Analysis: Refinery closures in Southeast Asia, Oceania to open new outlets for gasoline exporters


Australia, New Zealand refineries struggle amid low margins

Asia’s 2020 gasoline demand expected to fall by 525,000 b/d

Chinese motor fuel producers well placed to cater to new outlets

Singapore —
The Asian gasoline market is quickly approaching a new stage in its supply-demand landscape, with the growing possibility of more refinery closures in Southeast Asia and Oceania set to open new outlets for motor fuel exporters.

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The concerns of closures comes amid a difficult year for regional refiners, who against a backdrop of a massive coronavirus led-demand destruction for most of 2020, face the challenge of a slow and uneven recovery across Asia for the motor fuel.

Demand for gasoline in Asia is set to contract by 525,000 b/d in 2020, only recovering fully in 2021, according to S&P Global Platts Analytics. Most of the recovery would stem from a bounce in demand from China and India, rather than major gasoline importing countries across Southeast Asia such as Indonesia.

Asian gasoline demand is expected to increase from 7.6 million b/d in the third quarter to 7.8 million b/d in Q4 as driving activity could pick up during the festive season, especially in India. However, Asia’s Q4 demand will still be down year on year by 45,000 b/d, JY Lim, oil markets adviser at S&P Global Platts Analytics, said.

Reflecting the difficult refining landscape, Petron’s 180,000 b/d Bataan Refinery is mulling a permanent shut, should an agreement regarding crude oil import taxes between the Philippines government and the country’s sole refinery fall through, Petron’s president and CEO Ramon Ang said in early October.

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The closure of the Bataan Refinery followed an announcement by Pilipinas Shell Petroleum Corp earlier this year, that the 110,000 b/d Tabangao refinery will transform into an oil import terminal.

Like the refineries in the Philippines, the fate of plants in Oceania are also uncertain, with Australia and New Zealand rapidly losing the ability to produce their own fuel.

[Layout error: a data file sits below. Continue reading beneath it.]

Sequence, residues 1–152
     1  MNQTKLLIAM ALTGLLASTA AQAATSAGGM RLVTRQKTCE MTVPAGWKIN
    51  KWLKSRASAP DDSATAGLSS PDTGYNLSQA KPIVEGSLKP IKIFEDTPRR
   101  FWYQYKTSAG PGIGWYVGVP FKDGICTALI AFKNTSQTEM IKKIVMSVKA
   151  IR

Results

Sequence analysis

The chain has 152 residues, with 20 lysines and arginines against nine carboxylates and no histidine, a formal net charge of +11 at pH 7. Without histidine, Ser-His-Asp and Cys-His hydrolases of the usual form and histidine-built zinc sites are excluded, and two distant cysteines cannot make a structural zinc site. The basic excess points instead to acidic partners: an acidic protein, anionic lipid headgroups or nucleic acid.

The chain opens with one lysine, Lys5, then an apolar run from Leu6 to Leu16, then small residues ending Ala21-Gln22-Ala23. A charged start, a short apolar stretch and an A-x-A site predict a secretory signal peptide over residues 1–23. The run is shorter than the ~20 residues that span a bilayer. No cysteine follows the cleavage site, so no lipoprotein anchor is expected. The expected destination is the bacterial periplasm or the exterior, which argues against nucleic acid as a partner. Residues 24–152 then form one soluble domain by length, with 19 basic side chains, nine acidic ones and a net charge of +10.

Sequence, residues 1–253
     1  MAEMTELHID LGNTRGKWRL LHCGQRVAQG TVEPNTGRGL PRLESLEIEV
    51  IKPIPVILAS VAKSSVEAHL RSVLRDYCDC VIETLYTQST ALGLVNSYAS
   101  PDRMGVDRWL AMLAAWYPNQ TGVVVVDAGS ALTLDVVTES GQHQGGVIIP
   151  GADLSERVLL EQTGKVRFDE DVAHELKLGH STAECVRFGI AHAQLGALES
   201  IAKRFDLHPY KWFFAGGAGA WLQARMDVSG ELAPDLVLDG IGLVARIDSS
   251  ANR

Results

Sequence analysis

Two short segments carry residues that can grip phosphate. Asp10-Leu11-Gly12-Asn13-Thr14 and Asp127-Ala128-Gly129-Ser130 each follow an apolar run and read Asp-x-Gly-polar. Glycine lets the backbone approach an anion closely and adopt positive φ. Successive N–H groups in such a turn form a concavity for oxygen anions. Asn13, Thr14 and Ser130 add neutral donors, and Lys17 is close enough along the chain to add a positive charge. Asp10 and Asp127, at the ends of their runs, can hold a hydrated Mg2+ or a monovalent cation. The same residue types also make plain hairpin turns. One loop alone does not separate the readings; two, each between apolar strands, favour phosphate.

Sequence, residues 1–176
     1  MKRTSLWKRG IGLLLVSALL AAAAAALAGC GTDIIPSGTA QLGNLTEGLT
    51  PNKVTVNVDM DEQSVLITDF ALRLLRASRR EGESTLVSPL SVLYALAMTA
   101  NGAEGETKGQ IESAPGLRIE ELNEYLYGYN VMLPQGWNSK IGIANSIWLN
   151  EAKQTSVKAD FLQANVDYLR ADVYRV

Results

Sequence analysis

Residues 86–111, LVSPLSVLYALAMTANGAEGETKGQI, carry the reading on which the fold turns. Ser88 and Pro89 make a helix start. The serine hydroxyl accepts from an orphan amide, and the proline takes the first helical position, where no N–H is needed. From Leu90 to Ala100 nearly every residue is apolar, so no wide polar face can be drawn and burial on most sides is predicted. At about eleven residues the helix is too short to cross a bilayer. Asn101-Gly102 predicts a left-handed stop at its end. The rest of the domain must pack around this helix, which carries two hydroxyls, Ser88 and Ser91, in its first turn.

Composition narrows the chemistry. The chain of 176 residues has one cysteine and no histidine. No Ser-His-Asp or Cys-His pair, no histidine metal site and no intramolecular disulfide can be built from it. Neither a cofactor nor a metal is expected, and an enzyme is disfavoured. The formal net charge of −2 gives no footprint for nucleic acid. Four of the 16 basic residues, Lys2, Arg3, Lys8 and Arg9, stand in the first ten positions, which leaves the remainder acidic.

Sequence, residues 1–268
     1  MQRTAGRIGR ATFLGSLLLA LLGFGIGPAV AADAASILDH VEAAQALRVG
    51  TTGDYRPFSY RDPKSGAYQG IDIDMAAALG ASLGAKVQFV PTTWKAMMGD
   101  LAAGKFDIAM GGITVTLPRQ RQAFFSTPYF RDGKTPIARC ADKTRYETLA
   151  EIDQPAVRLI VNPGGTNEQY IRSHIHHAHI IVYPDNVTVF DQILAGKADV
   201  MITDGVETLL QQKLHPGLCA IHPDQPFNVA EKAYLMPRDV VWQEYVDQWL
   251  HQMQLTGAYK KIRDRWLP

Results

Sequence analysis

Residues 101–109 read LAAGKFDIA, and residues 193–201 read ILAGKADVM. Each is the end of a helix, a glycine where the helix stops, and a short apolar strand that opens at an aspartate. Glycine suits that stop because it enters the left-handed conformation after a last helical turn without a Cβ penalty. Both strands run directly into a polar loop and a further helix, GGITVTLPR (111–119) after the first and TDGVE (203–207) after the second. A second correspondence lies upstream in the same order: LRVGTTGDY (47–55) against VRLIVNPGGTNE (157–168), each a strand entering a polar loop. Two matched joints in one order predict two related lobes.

New Zealand’s 135,000 b/d Marsden point refinery will run at two-thirds of its total operating capacity throughout 2021, so as to maintain a cash neutral position amid ongoing discussions on plans to shift to an oil import terminal.

Meanwhile, BP Australia said on Oct. 30 that it plans to shut its 146,000 b/d Kwinana refinery in Western Australia and convert it to a fuel import terminal. Australia’s 120,000 b/d Geelong refinery is also mulling closure, following a $49.4 million loss in H1, Platts reported previously.


As more outlets begin to open for motor fuel producers, Chinese refiners are aiming to lift gasoline exports to at least around 4 million mt in Q4, up 14% from 3.51 million mt exported in Q3, according to light and middle distillate traders and fuel distributors based in Singapore, China and Hong Kong surveyed by Platts.

However, not all refiners are set to benefit equally with Chinese refiners being the most well placed to accommodate the additional outlets.

For one, Chinese state-owned refiners have proven their ability to weather periods of prolonged weak regional margins, with a strong post-lockdown domestic demand helping to sustain refinery economics.

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“[Domestic consumption] has more than made up for the loss earlier in the year. Although it was not as strong as previously expected due to floods, and second wave issues, the [domestic] market was still far stronger than majority of Asia,” one China-based source said.

Second, Chinese refiners are flexible enough to produce gasoline that meet a myriad of specifications across Asia, enabling ease of entry into new outlets.

This competitiveness was demonstrated in mid-September when PetroChina International, the trading arm of state-owned PetroChina, announced the delivery of more than 50,000 mt of gasoline meeting Euro 5 standards to Pakistan, filling the supply gap for low sulfur gasoline brought about by the country’s abrupt change to Euro 5 motor fuel.


On the contrary, South Korea — one of Asia’s major fuel exporters — may not be able to take full advantage of new emerging sales outlets as its major refiners continue to slash crude runs and refined product output due to tepid refining margins.

“South Korean refiners would do their best to supply oil products to the Philippines, Australia and New Zealand as they are rapidly losing self-sufficiency, but fuel exports to those countries would be limited because of lack of production volume,” according to a market research manager at Korea Petroleum Association based in Seoul.

SK Energy’s average refinery run rate dropped to 76% in Q3, which marked the lowest-ever level, compared with 94% in the same period last year, a company official said.


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